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Learning from Liberia’s Unique Model of Engaging Philanthropy

Learning from Liberia’s Unique Model of Engaging Philanthropy

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This policy brief looks at Liberia's Philanthropy Secretariat as a model for other countries.
This policy brief looks at Liberia's Philanthropy Secretariat as a model for other countries.

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Categories:Types, Research
Published by: German Marshall Fund of the United States on Jul 17, 2012
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Summary: Following theconclusion in 2003 of a
14-year civil conict, the African
nation of Liberia began toattract increasing levels of 
transatlantic ofcial donorand philanthropic support.In an attempt to harness theburgeoning foundation activityin the country, the governmentof Liberia under the leadershipof President Ellen JohnsonSirleaf, in collaboration withseveral philanthropic partners,established the world’s rstPhilanthropy Secretariat, apresidential unit dedicated tobuilding the quality and quantityof philanthropy in Liberia. Thissecretariat could be a usefulmodel for other countries asa means for foundations to
maximize the effectiveness of 
their funding, for transatlanticofcial donors to increase
their level of collaboration
and partnership with thesefoundations, and for developing country governments to improvethe quality of external donorsupport.The views expressed here are
the views of the author alone
and do not necessarily reect
the stance of the German
Marshall Fund of the UnitedStates.
Analysis
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Learning from Liberia’s Unique Modelof Engaging Philanthropy 
By Dan Hymowitz 
1744 R Street NWWashington, DC 200091 202 683 2650F 1 202 265 1662E ino@gmus.org
July 2012 Number 9
Paper series on transatlantic trade and development policy issues
Context and Signicance of theLiberia Philanthropy Secretariat
Launched in April 2009, the LiberiaPhilanthropy Secretariat is a unithoused within the Oce o thePresident o Liberia that acilitatesthe work o external oundations andphilanthropists. While many devel-oping countries have governmentoces that seek to coordinate theunding o external donors, Liberia isthe rst in the world to establish anoce that ocuses exclusively on thisdistinct group o unders.Te creation o the PhilanthropSecretariat comes at a time when therole o non-traditional donors, suchas oundations, in developing coun-tries is expanding. Over 80 percento the developed world’s economicengagement with developing coun-tries comes in the orm o philan-thropy, remittances, and privatecapital investment. Philanthropy rom the United States to developingcountries continues to increase andwas estimated at $39 billion in 2010.Tis gure is signicantly more thanany bilateral donor’s Ocial Develop-ment Assistance (ODA), except orthe United States itsel.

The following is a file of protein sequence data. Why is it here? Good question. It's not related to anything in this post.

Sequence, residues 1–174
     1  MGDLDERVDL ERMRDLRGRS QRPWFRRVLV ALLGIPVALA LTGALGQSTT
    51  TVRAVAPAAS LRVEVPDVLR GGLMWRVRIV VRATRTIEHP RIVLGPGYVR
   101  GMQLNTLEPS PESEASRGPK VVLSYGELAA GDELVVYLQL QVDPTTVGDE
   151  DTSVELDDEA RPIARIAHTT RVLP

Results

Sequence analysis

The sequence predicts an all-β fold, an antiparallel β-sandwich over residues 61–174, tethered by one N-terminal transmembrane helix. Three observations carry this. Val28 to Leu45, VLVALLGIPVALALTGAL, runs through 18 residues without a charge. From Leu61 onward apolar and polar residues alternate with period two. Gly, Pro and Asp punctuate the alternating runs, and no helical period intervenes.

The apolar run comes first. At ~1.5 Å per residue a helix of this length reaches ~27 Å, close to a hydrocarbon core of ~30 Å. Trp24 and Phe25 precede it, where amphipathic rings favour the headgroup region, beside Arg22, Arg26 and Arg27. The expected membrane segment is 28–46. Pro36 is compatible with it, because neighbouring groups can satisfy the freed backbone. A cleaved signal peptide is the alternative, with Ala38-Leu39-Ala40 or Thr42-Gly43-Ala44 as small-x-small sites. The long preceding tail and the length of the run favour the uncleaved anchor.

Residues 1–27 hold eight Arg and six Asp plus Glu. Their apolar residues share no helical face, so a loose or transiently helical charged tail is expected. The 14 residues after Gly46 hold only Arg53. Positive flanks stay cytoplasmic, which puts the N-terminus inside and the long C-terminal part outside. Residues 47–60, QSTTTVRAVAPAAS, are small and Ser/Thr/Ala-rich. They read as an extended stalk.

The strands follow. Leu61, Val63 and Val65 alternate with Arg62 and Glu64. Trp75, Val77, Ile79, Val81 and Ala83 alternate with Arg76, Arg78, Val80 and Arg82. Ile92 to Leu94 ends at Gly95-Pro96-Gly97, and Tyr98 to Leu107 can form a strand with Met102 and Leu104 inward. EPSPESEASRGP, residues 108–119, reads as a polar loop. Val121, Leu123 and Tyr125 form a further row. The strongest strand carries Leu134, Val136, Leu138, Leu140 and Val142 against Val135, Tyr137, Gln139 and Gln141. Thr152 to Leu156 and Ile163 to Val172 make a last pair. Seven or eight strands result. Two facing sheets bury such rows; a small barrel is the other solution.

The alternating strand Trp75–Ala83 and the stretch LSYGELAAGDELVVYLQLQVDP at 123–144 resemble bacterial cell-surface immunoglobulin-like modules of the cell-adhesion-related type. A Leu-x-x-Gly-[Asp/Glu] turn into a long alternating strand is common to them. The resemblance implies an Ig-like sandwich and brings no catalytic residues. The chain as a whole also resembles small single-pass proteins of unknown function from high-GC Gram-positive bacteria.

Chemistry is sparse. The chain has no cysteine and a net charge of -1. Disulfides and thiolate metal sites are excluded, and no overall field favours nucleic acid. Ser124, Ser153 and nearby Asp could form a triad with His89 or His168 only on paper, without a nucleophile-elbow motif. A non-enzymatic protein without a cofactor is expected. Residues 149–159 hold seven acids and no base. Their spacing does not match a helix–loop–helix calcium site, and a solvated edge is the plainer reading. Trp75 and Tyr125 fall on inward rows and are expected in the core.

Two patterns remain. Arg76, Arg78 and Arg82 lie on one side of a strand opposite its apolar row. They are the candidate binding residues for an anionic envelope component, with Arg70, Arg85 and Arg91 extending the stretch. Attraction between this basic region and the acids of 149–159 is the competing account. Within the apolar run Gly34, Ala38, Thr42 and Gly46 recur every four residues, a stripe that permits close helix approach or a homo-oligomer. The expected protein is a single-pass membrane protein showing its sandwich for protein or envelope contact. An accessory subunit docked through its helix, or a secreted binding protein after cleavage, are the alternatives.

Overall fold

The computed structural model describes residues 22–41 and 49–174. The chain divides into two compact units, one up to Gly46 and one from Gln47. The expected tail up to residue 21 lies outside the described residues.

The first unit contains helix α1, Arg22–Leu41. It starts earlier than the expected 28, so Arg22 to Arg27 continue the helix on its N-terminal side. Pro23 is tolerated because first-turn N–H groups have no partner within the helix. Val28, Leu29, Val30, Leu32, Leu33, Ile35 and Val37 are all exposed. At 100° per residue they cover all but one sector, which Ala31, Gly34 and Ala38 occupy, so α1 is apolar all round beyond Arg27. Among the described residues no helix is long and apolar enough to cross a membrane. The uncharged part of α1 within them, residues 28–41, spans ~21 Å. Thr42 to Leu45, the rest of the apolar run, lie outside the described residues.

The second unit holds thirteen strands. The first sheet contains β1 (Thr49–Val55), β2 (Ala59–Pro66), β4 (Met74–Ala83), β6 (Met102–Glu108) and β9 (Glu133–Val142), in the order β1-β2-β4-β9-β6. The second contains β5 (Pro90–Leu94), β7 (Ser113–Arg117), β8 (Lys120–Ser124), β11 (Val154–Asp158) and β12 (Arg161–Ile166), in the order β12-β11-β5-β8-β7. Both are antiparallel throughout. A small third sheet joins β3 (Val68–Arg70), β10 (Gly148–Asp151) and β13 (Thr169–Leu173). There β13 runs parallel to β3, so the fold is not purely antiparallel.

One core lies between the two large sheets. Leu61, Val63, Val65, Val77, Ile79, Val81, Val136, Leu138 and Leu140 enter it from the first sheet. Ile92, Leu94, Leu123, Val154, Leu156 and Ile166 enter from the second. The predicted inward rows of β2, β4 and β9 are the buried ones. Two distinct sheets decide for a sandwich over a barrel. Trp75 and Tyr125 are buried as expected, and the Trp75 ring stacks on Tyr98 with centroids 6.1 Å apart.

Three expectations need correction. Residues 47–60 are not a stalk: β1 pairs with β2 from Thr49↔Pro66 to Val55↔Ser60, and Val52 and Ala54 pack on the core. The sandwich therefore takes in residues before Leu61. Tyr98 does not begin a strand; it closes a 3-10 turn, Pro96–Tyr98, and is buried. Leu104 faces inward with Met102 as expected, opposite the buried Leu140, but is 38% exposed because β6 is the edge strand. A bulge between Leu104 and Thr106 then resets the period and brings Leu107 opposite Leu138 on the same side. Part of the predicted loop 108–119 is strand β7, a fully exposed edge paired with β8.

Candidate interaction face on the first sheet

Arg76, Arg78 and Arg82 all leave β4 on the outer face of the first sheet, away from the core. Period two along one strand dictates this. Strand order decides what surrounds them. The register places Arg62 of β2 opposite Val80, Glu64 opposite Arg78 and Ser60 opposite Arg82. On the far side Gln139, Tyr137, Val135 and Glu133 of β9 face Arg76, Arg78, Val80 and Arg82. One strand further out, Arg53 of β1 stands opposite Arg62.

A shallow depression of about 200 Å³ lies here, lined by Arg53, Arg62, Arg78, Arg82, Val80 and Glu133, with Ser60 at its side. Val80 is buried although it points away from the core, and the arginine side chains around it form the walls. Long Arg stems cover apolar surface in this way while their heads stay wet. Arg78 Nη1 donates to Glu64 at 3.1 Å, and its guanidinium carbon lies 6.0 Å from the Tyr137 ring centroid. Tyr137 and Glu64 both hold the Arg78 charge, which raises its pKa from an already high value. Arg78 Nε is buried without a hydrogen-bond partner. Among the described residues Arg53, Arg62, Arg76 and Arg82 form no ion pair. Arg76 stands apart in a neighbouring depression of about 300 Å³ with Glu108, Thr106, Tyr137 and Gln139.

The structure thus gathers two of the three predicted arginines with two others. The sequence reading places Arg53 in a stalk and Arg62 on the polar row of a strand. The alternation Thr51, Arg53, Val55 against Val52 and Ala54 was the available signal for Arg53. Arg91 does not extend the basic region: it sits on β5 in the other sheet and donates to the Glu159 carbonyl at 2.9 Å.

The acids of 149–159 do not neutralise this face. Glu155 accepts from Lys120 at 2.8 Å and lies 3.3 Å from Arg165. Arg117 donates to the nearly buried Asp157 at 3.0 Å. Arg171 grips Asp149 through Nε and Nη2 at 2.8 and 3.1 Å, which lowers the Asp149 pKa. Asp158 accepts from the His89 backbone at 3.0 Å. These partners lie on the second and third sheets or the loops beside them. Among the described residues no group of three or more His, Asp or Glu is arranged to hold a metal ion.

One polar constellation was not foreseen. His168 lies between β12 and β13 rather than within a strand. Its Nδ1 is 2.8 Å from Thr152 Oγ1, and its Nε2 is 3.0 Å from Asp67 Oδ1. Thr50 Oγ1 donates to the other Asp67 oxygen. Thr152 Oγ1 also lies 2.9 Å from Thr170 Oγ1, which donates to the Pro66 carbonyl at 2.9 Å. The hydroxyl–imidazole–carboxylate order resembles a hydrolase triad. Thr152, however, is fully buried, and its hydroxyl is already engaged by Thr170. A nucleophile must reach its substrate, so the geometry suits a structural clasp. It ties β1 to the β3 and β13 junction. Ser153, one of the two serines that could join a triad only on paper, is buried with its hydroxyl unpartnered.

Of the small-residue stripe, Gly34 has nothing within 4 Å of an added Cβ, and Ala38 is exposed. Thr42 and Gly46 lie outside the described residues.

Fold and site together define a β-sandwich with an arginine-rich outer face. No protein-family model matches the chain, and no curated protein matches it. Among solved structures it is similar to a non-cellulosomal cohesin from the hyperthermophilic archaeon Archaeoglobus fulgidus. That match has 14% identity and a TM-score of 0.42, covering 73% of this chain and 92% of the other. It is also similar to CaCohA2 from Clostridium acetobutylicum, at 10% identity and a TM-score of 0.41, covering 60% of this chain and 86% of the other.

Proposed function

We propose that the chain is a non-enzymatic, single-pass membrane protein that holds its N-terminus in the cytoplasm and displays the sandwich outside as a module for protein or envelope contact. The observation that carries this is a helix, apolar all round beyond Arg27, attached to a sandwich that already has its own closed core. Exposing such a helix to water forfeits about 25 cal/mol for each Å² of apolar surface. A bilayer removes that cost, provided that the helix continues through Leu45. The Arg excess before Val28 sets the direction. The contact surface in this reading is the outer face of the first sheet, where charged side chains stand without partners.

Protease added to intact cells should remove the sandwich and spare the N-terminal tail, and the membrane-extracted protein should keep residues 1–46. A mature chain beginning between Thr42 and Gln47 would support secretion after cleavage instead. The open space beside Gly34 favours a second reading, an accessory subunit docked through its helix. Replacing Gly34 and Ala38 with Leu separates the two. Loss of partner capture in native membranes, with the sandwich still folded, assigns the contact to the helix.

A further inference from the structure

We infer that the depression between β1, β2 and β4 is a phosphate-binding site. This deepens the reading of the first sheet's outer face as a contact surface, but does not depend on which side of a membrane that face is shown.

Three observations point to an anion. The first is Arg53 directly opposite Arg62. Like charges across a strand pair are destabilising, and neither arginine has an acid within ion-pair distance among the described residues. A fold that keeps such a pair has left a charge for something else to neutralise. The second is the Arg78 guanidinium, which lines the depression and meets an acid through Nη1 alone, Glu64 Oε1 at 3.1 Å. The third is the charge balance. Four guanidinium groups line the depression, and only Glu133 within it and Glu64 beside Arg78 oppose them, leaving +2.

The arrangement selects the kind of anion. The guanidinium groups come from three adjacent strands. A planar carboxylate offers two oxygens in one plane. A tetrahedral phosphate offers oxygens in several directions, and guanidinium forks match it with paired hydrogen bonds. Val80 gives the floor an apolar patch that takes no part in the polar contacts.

1
1 Center for Global Prosperity’s 2012 Index of GlobalPhilanthropy and Remittances
o date, philanthropy has mainly operated independently rom theprinciples articulated by the aideectiveness movement, which isincreasingly guiding how bilateral andmultilateral donors approach devel-opment assistance. Tese principles,initially set out in the 2005 ParisDeclaration, include alignment o aidbehind developing country priori-ties and making use o a country’sown plans, policies, and systems;donor coordination to create ecientprogramming and to avoid duplica-tion o eorts; and striving or highlevels o transparency and account-ability on the part o both donors andhost countries.While some raise concerns aboutinternational philanthropy’s inde-pendence rom these principles,others see drawbacks to oundationsbehaving more like traditional donors.Liberia’s Philanthropy Secretariat isan innovation that is attempting tonavigate a course between these two views. Te secretariat seeks, on theone hand, to encourage oundationsto voluntarily move toward ParisDeclaration principles o aligningwith country priorities, harmonizingtheir support, and providing greatertransparency about their work. Itsimultaneously recognizes that oun-dations and philanthropy (much o